The Colorful Stories of 5 Obsolete Art Pigments

The colors of art change not just with trends, but availability as well. For reasons of being incredibly poisonous, expensive, or just involving way too many snails, here are five pigments that have disappeared from art.

Maya Blue

Mayan Mural, involving the Maya Blue pigment (via Wikispaces)
Mayan Mural, involving the Maya Blue pigment (via Wikispaces)
On murals, pottery, even possibly painted on the hapless bodies offered as human sacrifices, a sky-blue color has been found in artifacts of the Maya and Aztec. It disappeared around colonial times in Central America, just like the pre-Columbian civilizations themselves. Known as Maya Blue, it’s long been recognized as a mix of a natural clay and a dye from the indigo plant, but how it was so durable in not being subject to fading or even the deterioration of solvents and acids has been a mystery. Earlier this year, however, some chemists announced they may have found the secret in careful variations in the preparation temperatures.

Tyrian Purple

Burial Shroud of Charlemagne (early 9th century), made of Byzantine silk colored with Tyrian Purple (via Wikimedia)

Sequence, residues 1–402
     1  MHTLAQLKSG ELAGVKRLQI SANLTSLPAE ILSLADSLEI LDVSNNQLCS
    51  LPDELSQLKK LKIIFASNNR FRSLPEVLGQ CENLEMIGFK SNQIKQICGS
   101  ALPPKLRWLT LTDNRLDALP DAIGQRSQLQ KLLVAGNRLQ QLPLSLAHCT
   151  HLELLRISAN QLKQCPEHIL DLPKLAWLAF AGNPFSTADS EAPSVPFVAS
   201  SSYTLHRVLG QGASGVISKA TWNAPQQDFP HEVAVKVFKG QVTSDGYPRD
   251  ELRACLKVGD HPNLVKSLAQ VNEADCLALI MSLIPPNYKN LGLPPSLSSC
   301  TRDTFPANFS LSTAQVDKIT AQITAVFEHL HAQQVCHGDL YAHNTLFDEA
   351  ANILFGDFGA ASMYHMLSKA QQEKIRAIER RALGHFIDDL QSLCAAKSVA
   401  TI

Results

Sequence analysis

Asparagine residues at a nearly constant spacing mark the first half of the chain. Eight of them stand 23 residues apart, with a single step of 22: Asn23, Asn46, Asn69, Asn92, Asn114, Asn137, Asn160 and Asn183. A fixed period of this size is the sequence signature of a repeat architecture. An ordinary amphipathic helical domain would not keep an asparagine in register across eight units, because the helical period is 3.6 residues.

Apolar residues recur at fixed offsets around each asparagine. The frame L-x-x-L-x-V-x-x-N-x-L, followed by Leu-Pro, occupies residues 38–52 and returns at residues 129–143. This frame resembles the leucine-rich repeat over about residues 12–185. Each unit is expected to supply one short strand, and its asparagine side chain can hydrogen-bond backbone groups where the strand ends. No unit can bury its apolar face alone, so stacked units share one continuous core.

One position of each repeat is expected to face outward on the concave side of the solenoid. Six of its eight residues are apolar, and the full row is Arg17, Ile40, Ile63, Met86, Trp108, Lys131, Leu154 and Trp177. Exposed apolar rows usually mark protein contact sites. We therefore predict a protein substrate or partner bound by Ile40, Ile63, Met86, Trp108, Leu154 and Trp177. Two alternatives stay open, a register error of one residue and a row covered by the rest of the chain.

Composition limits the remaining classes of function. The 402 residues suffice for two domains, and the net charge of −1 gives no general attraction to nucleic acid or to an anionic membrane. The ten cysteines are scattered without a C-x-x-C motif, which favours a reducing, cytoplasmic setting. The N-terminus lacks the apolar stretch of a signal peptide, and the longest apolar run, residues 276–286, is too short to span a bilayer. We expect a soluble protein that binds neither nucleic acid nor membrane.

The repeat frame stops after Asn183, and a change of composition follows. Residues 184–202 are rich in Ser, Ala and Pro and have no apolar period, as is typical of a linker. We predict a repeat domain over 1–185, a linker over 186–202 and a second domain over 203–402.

Burial Shroud of Charlemagne (early 9th century), made of Byzantine silk colored with Tyrian Purple (via Wikimedia)
The most prized, prestigious pigment of the ancient world was actually made from a rather slimy source: a predatory snail. Tyrian Purple got its name from the best of the marine shellfish used to make the pigment being found off the shore of Phoenicia’s Tyre, according to Pigment Compendium. Not only was it a properly royal color of rich, slightly red purple, it was said to get even more beautiful and brighter when exposed to the sun and the elements. Yet since you needed a whole pile of snails to have enough mucous secretions to make it, it was very expensive, and eventually disappeared.

White Lead

White Lead in Johannes Vermeer’s “The Glass of Wine” (1658), oil on canvas (via WikiPaintings)